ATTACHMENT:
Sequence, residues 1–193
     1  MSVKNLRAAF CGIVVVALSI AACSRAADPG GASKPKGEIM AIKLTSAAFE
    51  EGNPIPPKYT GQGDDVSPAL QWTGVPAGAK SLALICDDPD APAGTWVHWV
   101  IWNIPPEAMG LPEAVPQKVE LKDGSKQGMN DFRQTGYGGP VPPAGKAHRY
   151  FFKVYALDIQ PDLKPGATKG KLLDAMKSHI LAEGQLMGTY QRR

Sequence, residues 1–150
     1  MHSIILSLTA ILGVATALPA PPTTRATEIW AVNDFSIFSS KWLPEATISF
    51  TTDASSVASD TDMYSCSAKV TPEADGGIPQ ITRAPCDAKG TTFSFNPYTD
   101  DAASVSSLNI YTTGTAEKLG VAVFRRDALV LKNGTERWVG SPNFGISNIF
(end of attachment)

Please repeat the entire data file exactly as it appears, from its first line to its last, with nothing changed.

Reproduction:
Sequence, residues 1–193
     1  MSVKNLRAAF CGIVVVALSI AACSRAADPG GASKPKGEIM AIKLTSAAFE
    51  EGNPIPPKYT GQGDDVSPAL QWTGVPAGAK SLALICDDPD APAGTWVHWV
   101  IWNIPPEAMG LPEAVPQKVE LKDGSKQGMN DFRQTGYGGP VPPAGKAHRY
   151  FFKVYALDIQ PDLKPGATKG KLLDAMKSHI LAEGQLMGTY QRR

Sequence, residues 1–150
     1  MHSIILSLTA ILGVATALPA PPTTRATEIW AVNDFSIFSS KWLPEATISF
    51  TTDASSVASD TDMYSCSAKV TPEADGGIPQ ITRAPCDAKG TTFSFNPYTD
   101  DAASVSSLNI YTTGTAEKLG VAVFRRDALV LKNGTERWVG SPNFGISNIF